The Wragg fire has forced the closure of Stebbins Cold Canyon Reserve, a trail popular among local hikers for its nature-gazing opportunities and views of Lake Berryessa in close proximity to Davis and Sacramento.
Smoke still smolders along the charred landscape at the spot run by the University of California, Davis, with fallen trees blocking many points along the 7 miles of trails. On the upper slopes, most of the chaparral is gone.
Many of the blue oaks have been completely burned, with singed brown leaves on those that were spared. Most of the wooden trail steps have been burned and give way when weight is put on them. A map kiosk and sign-in book now are a collection of ashes.
Stebbins Cold Canyon likely will not reopen until spring, according to Jeffrey Clary, the reserve’s director. Until then, only research is allowed.
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“There are a lot of trails that need to be repaired,” Clary said.
The 576-acre reserve, off Highway 128 near Lake Berryessa, offered a mix of pristine habitats, including grasslands, blue oak woodland and chaparral shrubland, as well as a seasonal stream. It was one of the first areas burned in the Wragg fire, which began July 22 and burned more than 8,000 acres. Firefighters have reached 92 percent containment of the blaze.
The reserve is on property owned by the U.S. Forest Service, the Bureau of Land Management and other government agencies.
Clary said it may take at least 10 years of regrowth before the fire effects are no longer visible. Regeneration is already under way; Clary predicts it will only be weeks before chaparral shoots start punching through charred soil.
“Chaparral are a species we call ‘resprouters,’” he said. “That type of vegetation is made to burn, so we’re not concerned about them.”
Of concern is the potential loss of blue oaks that once dotted the landscape. Blue oaks have difficulty regenerating in Northern California, he said, and their loss would noticeably change the landscape, replacing what was once woodland with weedy grassland.
It will be spring before the blue oak damage can be assessed, Clary said.
“The risk is that there will be no new oak sprouts, and acorns will have to be harvested by nearby trees for replanting,” he said.
He said it is too early to tell what effect the Wragg fire has had on the wildlife at the reserve. However, he suggested the effects of the Wragg fire will provide an excellent laboratory for UC Davis researchers.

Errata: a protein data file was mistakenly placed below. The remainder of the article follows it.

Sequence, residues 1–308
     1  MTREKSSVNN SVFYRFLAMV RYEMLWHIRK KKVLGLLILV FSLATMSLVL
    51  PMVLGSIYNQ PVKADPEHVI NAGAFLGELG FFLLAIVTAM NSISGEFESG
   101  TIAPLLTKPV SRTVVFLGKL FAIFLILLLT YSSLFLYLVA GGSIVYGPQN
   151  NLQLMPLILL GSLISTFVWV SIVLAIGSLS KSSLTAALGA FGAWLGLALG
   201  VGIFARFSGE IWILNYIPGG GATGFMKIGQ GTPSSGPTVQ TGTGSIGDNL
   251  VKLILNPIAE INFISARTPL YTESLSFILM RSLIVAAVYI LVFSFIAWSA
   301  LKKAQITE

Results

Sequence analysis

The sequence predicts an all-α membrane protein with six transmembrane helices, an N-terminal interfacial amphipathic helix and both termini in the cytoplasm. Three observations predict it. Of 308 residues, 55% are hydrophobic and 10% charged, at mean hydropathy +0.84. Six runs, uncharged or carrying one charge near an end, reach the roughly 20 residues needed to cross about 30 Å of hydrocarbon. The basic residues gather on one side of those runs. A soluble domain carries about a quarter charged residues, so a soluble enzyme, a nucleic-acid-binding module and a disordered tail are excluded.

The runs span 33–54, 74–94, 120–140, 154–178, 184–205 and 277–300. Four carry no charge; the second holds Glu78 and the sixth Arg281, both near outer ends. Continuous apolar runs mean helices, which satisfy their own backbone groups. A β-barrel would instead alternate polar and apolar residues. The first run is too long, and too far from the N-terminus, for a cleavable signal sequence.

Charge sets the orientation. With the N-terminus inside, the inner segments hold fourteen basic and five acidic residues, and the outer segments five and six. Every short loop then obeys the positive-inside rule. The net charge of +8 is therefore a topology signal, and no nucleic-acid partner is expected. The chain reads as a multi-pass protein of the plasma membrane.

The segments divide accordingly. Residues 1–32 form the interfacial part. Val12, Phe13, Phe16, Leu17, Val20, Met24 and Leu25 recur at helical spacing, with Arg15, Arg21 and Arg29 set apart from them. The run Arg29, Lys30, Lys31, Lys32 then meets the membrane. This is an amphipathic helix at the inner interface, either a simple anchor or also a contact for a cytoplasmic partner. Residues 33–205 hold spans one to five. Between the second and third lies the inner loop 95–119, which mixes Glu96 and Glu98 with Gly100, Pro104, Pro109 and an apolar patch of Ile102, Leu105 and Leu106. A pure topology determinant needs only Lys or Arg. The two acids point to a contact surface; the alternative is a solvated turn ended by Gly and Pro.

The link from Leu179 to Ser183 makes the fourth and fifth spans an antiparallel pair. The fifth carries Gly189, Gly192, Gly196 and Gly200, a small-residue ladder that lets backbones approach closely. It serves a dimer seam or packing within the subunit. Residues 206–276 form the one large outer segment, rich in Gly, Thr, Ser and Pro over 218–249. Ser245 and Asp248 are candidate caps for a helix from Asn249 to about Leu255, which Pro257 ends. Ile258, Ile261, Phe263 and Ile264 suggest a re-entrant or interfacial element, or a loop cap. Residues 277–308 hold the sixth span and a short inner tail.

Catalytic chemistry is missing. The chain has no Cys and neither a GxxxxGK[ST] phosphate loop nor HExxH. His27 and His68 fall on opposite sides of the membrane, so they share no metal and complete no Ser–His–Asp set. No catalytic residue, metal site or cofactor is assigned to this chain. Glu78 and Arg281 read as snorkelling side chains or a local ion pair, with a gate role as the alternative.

The consensus is that most animals recover quickly after a forest fire, said Thomas Scott, a wildlife conservation specialist at UC Berkeley. But Scott believes a combination of urban encroachment and an increase in fire activity are having an impact on threatened species.
Scott said forest fires have already been implicated in rapid population declines of birds that rely on coastal sage scrub and the endangered yellow-legged frog.
“It’s convenient for us to think that threatened species will pop right up and get on with their lives,” said Scott. “That is something that’s being called more into question now with all the fires we’re having now.”
The fire gives UC Davis a chance to expand public access to the site, said Clary, who explained the reserve will feature road signage and a parking lot once it reopens.
Visits to the reserve have significantly increased over the past 10 years. Trail visitation records show that roughly 7,000 visited the reserve a decade ago. Current trail counts show that 65,000 now use the reserve each year, Clary said. In exit interviews, many new hikers said they found Stebbins Cold Canyon through social media.
“Ten years ago, this reserve was like a local secret,” Clary said.
A cobbling together of state and federal funds will help, especially since the Berryessa Snow Mountain area – of which the reserve is a part – was designated last month as a National Monument by President Barack Obama.
“We’re going to put the whole region of lands on the table and we will be deciding what trails will need to be reworked, what new ones are appropriate and rework the parking situation,” Clary said.
If the reserve reopens in spring, it should do so with a lot of color. “If we get good rains this winter, we will have a really good wildflower show next spring,” said Clary.
He based that expectation on the aftereffects of last year’s Monticello fire, which burned 6,488 acres nearby.
“That wildflower show was as good as I have seen in 15 years,” said Clary.
Edward Ortiz: 916-321-1071, @edwardortiz